Understand gender differences as they relate to money. Throughout his years of financial counseling, Tyson has observed that men and women often deal differently with money. "Women are more likely to ask for help and admit gaps in knowledge than are men," says Tyson. "Men's egos more often get in the way of seeking assistance and education. Men are much more likely to plow ahead, even when they lack sufficient information and background on a money topic.
"When it comes to investing, men are more willing to take risks," he adds. "That's not necessarily bad. Although they may get themselves into trouble by relying too heavily on the investment vehicles that occupy the highest ends of the risk/return spectrum or leveraging themselves with borrowed money, for example, men are more likely to take the necessary risks to generate healthy long-term returns. Being aware of these differences as a couple can help you when approaching how you should find solutions for your financial management problems."
Words matter when broaching money concerns. When discussing the spending habits of your spouse, it's important that you don't bring up the subject using an accusatory tone. A little tact and sensitivity can go a long way. "When concerns are raised, you dramatically increase the likelihood of your partner hearing, listening to, respecting, and positively responding to your point of view if you present it as your feelings on a topic rather than a criticism of the other person's financial habits," says Tyson.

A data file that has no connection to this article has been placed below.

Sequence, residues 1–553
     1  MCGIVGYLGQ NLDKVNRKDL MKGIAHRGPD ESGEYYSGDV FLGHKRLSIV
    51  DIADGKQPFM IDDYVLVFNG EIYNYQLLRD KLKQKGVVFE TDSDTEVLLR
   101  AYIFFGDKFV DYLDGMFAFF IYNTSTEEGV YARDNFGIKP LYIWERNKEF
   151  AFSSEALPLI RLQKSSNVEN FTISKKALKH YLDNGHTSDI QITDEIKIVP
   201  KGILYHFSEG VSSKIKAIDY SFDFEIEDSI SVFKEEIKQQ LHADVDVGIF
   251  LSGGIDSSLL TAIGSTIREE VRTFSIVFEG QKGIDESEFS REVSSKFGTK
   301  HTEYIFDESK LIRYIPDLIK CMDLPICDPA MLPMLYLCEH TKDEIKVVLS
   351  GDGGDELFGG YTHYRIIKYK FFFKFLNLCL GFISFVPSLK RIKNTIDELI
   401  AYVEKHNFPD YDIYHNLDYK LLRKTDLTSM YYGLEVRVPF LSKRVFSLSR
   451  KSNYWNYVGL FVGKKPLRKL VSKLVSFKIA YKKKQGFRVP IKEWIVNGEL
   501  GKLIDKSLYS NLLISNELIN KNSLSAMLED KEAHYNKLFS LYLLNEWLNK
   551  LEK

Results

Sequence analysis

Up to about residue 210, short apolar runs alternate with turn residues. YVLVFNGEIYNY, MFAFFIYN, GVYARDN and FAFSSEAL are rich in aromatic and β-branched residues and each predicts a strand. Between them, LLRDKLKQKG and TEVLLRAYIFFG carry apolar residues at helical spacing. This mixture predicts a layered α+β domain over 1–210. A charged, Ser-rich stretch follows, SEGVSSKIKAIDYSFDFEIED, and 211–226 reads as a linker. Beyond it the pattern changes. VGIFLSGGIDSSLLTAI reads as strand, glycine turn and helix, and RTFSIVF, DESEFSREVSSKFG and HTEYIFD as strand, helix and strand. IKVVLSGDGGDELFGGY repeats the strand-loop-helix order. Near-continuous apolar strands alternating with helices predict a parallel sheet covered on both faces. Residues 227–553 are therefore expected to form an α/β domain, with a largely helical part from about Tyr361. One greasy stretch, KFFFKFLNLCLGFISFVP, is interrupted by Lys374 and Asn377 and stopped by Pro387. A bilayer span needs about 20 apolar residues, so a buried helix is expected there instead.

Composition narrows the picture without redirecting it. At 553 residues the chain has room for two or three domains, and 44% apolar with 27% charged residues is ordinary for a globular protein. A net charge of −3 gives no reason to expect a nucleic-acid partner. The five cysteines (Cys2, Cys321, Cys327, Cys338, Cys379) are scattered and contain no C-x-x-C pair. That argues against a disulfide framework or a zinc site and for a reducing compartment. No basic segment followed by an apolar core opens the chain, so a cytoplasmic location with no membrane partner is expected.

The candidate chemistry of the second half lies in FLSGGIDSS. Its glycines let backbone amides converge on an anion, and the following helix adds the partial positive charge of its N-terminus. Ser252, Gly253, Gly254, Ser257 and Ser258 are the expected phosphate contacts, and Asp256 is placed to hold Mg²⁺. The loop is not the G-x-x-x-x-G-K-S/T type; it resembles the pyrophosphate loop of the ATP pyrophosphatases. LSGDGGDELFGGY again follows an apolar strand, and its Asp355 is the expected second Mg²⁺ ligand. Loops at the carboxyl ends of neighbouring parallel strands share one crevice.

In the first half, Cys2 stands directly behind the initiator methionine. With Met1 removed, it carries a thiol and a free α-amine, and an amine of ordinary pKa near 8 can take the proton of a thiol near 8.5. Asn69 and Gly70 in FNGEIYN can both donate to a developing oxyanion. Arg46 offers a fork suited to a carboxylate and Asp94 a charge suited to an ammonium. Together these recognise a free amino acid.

"So, instead of saying, 'You're a reckless over-spender,' phrase the issue as, 'I'm concerned about having enough money saved for retirement so that I don't feel chained to my job,'" he advises. "Try, 'I'm really stressed that we haven't been saving enough to buy a home. Having a place of our own is important to me. Can we talk about it?' not, 'It's time for you to grow up and act like a responsible adult.' Having one talk isn't going to solve your money problems, but it will get the ball rolling towards a more pleasant financial future, so make sure you plan how you are going to broach the subject."
Respect each other's differences. Finding it in yourself to appreciate the ways your partner's money personality differs from yours is vital. Try to think openly about the situation for a minute. If you're a penny-pincher and you'd married another miser, you'd likely never enjoy the fruits of your hard work! Yes, a miser/spender marriage may produce fireworks on financial issues, but with open minds and communication, such a pairing can also produce positive results, as both partners move away from their extreme polar behaviors to a more balanced and fulfilling position.
"Misers can learn that they can spend some money 'frivolously,' enjoy the experience, and not end up in financial ruin," says Tyson. "Chronic over-spenders can experience how good the sense of financial security feels that accompanies living more within one's means, paying down consumer debt, and beginning to see growing investment balances. The root of successfully and happily managing money as a couple is to compromise."